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End of life care for dogs 

Old dog that needs end of life care laying in a field

Despite death being an irreversible fact of life, one of the hardest events for us to come to terms with is the loss of a beloved pet. Our dogs are our play mates, they give us comic relief, offer social and emotional supports, and are true family members. The idea of them suffering at the end of their lives because of illness or old age is painful for us as their people. We want to do everything we can to ensure that our dog’s end of life care keeps them peaceful and comfortable in their final time. 

There are a number of factors to assess as you plan the way forward for your pet’s final time. It is important to evaluate their physical state and their social and emotional well-being, and then determine the resources that are available for support. Close communication with your veterinarian can help to ensure that both your needs and your best fur-friend’s needs are being met. Euthanasia used to be seen as the only humane end for your dog’s life, and it still might be the best way to give you dog a peaceful goodbye, but there are other alternatives available as well. Taking time for difficult conversations before you need them can help smooth the way when your dog needs you most.  

Table of Contents: 

Medical treatment 

Remember that pets don’t always show discomfort or pain the same way we would. They might continue to eat and drink normally but take a little longer to stand up or lie down. They could begin to seem confused and get lost in your home or other familiar places, or they might have a loss of appetite or other behavioral changes. Being alert to changes in their daily habits can help you to seek out veterinary care quickly and get them the help they need.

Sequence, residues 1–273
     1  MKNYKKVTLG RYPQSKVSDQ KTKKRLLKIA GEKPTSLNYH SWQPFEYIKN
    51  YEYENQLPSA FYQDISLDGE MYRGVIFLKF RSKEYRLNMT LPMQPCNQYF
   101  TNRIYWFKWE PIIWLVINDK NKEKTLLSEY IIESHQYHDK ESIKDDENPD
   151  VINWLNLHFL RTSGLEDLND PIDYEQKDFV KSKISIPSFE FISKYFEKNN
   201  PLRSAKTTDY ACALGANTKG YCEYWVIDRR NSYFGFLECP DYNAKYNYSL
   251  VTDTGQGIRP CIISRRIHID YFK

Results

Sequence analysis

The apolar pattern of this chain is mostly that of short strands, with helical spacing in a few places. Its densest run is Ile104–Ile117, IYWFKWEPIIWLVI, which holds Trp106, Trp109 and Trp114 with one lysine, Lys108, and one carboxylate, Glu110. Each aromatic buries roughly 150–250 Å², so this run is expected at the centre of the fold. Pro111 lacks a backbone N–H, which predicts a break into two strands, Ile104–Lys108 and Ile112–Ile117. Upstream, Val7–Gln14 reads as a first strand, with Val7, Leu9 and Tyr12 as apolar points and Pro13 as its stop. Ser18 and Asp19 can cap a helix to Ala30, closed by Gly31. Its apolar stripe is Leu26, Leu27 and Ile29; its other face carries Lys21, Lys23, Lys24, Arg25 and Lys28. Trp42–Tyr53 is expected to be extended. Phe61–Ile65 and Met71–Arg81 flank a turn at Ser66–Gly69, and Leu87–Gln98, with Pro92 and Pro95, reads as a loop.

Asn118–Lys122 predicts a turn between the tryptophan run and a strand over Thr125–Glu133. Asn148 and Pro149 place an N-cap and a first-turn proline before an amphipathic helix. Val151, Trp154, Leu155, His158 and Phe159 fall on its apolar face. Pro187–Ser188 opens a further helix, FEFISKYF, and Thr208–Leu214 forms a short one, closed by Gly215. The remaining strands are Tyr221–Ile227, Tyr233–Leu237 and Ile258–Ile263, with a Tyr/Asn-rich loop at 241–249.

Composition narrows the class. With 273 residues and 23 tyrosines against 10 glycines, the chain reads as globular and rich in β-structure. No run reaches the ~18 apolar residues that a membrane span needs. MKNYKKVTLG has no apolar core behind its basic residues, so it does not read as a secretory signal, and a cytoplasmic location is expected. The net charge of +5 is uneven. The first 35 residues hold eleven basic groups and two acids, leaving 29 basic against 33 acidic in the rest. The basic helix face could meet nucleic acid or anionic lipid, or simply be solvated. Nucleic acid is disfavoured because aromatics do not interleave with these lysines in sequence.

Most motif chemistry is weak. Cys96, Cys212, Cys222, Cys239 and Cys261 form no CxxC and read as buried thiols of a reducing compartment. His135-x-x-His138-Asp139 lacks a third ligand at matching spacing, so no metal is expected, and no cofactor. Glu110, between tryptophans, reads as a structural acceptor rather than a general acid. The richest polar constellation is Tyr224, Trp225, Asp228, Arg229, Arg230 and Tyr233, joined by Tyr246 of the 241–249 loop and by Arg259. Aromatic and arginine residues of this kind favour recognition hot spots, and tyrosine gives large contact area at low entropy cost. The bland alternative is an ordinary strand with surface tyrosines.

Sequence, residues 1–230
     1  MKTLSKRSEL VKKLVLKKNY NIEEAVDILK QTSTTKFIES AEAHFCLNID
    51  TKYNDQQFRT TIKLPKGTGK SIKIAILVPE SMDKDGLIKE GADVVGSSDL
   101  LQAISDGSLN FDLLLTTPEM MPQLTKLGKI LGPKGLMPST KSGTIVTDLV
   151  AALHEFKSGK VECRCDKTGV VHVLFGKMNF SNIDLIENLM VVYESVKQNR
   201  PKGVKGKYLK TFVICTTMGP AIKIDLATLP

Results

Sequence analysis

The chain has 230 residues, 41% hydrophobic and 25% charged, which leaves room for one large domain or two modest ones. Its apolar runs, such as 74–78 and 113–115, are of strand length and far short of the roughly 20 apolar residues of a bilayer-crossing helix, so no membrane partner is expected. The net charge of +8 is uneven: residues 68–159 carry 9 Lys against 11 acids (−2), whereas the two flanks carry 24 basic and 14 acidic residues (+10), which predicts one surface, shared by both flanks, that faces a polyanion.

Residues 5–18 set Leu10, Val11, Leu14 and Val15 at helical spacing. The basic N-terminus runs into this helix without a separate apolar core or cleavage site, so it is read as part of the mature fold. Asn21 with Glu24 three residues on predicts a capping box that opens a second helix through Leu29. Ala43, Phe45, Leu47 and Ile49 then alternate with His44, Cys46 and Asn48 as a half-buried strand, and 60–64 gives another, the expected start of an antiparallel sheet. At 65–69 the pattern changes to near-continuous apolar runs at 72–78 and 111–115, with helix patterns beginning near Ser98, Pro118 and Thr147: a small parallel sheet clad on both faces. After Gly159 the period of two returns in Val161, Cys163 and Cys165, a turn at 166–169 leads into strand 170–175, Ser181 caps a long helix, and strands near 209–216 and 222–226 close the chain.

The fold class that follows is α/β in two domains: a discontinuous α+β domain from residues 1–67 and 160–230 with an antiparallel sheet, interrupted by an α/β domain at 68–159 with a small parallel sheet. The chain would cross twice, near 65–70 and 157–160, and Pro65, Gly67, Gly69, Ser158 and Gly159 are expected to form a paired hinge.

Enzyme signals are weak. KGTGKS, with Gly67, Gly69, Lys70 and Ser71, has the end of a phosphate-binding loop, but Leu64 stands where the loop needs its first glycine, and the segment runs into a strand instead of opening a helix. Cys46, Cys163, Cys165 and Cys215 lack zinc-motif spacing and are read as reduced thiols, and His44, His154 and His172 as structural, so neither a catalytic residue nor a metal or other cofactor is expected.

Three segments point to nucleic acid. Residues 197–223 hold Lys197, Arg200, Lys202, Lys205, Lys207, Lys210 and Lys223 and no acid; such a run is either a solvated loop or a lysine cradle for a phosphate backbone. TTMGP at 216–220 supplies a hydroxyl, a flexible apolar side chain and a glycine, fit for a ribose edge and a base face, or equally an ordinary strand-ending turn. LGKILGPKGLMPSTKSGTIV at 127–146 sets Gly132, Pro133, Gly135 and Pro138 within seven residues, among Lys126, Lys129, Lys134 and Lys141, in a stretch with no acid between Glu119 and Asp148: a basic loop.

If your pup is diagnosed with a disease at any stage of life, your veterinarian can help you select a path of medical treatment to address the illness and hopefully promote a cure. Certain illnesses and health conditions such as diabetes, cancer, kidney disease, and congestive heart disease can be managed with long-term care that might not lead to a cure but will extend your dog’s time with a good quality of life. 

Palliative care 

Palliative care is care that moves from trying to cure an illness to care that focuses on making your dog as comfortable as possible and giving them the best quality of life you can. There are times when no cure is available or the illness has progressed for your pup, and the best alternative is to continue to offer treatment to extend a comfortable life without actually curing the underlying disease. This type of palliative medical care will happen with guidance and assistance from your veterinarian. 

Understanding the course of the disease or illness your pet is facing can help you to know what types of supports they might need going forward. It is important to identify the elements that give your dog a good quality of life. Is it enough for them to be pain free? Is it also important for them to spend time outside every day or to be able to eat on their own? In addition, you and your family should be clear on your values around the end of life, the resources you have available, and the assistance your dog might need as they move closer to the end. 

A key element of palliative care is the management of discomfort, and it is probably best achieved with a combination of medical interventions, supplements such as ElleVet CBD + CBDA Chews to aid with mobility discomfort or the stress from mental confusion, and changes you can make to your home environment in order to make it easier and more comfortable for your dog to move around, sleep, and eat in your home. Often senior dogs, along with discomfort and stress, will show signs of cognitive decline, such as sleeplessness, whining, pacing and panting, and an inability to settle.  CBD is extremely helpful in managing the effects of this cognitive decline to help them achieve a restful state and to get good sleep.